VS: Well, like I said, a lot of it is just the ability to, to process and pause and think about leadership, and to hopefully cultivate relationships with the people that they are in the cohort with. This is a key part of the program. And one thing you’ll hear often I think a lot a lot of former ALP fellows talk about this, that they still keep in touch with their cohort members. And I want that for the for the fellows as well. So how do we create a cohesive group and make sure that they continue to support one another? I think it’s always challenging because, you know, we select or there’s a group of people who select cohort members, you don’t often know if they’re going to gel until you get them together, but it’s part of our role to think about how they might gel, how do we bring out the assets and individuals and, and show that they do, they can offer each other really helpful advice or a sounding board. And I think we did a great job of that with this first cohort. I’m looking forward to thinking about how to push it a little further in the second. And we still, as you mentioned, we’re still dealing with COVID, and so this past year, we started remotely. And then we met in person with masks and spaced and windows open and, and we moved gradually to a semblance of what might have been the pre-COVID experience where we sit around a table together, even having lunch together. And so I look forward to the next year, we’re hopefully we continue on that trajectory and, and one of the things that we have lost in the last couple of years was the ability to go off site to do a retreat, we’re going to hopefully fingers crossed, be able to do that in the upcoming year. And we were able to adapt a lot of the retreat agenda to be here either on campus, and this past semester, we went just across the street to Siena [Hotel], and, and did some of our work there. I really appreciated the ability to be off campus to do some of this work, because I think sometimes we have to sort of turn down our little brain, like turn down that mode of like, I’m at my workplace and I’m doing, you know, I just have my work mind in place. I really want people sometimes, especially when we go off site, I think it allows for people to be a bit more open about how work fits into their life in general, and really be flexible about the goals that they have. And they don’t all have to be work-oriented goals.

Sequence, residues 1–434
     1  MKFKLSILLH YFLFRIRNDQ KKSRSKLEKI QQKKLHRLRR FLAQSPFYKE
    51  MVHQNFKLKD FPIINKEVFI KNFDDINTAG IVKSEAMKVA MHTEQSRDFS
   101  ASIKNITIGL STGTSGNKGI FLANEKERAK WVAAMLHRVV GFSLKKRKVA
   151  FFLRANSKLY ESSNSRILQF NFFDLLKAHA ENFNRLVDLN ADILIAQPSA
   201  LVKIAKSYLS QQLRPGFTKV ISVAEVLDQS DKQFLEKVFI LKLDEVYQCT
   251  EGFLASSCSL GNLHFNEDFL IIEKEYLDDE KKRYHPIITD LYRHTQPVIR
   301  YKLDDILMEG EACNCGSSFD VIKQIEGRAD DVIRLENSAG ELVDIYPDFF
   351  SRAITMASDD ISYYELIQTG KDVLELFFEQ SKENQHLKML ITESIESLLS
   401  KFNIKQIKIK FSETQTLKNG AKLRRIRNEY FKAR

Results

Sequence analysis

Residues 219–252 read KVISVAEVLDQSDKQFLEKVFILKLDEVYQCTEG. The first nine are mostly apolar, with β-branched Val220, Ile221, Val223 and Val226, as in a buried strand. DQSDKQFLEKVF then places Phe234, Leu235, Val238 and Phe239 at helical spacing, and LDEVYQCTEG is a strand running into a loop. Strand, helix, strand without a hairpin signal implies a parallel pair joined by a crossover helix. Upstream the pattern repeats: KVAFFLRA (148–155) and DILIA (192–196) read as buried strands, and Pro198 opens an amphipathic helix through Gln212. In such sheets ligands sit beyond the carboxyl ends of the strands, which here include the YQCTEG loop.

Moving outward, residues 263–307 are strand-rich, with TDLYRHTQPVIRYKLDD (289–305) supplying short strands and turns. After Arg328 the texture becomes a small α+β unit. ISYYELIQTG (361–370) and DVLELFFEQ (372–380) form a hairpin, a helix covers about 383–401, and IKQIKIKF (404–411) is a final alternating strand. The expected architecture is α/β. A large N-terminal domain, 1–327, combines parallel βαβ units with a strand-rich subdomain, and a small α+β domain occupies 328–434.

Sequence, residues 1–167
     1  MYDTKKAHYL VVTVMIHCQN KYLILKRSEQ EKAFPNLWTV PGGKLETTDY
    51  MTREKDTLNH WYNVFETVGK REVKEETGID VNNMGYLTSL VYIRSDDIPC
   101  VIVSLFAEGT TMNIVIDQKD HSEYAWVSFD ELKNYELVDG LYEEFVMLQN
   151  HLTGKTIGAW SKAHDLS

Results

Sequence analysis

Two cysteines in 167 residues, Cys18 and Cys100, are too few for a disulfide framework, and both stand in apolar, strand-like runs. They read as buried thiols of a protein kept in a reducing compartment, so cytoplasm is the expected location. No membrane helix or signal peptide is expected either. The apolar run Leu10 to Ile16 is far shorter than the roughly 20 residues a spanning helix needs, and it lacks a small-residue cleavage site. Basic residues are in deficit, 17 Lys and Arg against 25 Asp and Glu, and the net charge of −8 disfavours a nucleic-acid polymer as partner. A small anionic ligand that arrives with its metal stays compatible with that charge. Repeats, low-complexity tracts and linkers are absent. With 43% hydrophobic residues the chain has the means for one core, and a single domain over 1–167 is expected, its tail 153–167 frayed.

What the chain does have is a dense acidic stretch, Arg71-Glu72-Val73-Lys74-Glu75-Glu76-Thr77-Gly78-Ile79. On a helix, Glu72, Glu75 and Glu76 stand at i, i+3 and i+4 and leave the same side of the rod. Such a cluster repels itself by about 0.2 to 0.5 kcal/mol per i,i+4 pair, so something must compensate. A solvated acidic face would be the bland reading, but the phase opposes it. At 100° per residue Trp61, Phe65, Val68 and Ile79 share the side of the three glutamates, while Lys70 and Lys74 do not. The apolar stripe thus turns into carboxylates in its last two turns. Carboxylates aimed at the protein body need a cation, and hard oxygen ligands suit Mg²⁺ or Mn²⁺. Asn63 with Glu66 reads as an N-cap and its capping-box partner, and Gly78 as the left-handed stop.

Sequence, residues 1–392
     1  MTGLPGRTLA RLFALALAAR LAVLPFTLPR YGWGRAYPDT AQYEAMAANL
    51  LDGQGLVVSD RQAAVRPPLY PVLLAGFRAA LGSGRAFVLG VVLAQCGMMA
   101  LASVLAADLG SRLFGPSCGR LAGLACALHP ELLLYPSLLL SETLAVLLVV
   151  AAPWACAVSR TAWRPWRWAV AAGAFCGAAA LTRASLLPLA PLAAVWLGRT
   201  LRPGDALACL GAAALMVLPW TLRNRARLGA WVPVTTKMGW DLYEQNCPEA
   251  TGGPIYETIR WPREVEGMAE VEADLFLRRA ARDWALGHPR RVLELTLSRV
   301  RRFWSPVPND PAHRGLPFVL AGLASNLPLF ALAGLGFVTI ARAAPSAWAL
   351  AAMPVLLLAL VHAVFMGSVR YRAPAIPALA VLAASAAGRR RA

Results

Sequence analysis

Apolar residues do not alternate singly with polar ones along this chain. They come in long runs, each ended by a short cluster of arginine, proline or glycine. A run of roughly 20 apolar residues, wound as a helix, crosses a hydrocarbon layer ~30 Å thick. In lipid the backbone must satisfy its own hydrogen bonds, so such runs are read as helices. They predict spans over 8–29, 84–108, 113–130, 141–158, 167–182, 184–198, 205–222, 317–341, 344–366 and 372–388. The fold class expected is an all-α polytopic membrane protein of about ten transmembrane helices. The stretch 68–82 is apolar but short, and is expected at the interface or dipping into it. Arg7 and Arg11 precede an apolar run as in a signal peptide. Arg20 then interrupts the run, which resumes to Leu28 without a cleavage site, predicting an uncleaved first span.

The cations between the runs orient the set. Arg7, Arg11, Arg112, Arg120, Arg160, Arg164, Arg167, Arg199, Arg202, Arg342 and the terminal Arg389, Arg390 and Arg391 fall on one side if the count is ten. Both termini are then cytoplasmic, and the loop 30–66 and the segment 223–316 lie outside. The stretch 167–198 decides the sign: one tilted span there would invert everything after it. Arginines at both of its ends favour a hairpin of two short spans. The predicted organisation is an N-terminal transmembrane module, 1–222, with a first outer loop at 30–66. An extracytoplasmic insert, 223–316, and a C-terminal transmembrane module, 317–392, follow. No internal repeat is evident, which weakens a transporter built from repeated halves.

KC: Yeah, I have a feeling I might have an idea of what your answer to this question might be. But as the application period is opening up, why do you think faculty should apply to the academic leadership program?

VS: It’s a really great chance to get to know some colleagues very well over the course of semester. And to think about, again, your place at this institution and your talents. I mean, presumably, the reason you’re applying is because you’re wondering if leadership is the right space for you. Or you’re in a leadership position, and you’re wanting to hone your leadership skills. And I am of the mind that there are so many leaders on our campus. In so many spaces, we have what we call informal leaders, and they are people who are influential. And they may not have a title or a stipend, or, you know, the kind of “prestige” that might come with certain roles on campus. But they’re every bit as powerful and influential in their space. And I want those people to recognize the power they hold and how they can influence, especially their ability to make change at Carolina. And we’re at a place now where I think a lot of people see places for change that places where they want change. I would like for people to say, “Could I be the person who could make that change? What could I bring to a space that’s different or unique?” And to really take ownership of that. And I love the idea of thinking about broadening who thinks of themselves as a leader and how they lead.

KC: Yeah, that’s great. And I think as a leader yourself, you’re really emphasizing and showcasing that. And whether it’s your work at the IAH or in any of your many other roles, I think you help exemplify that and bring other people up with you no matter what.

VS: Thank you.

KC: Yeah, I applaud that. So what are some other components to the ALP program that you may not notice right off the bat?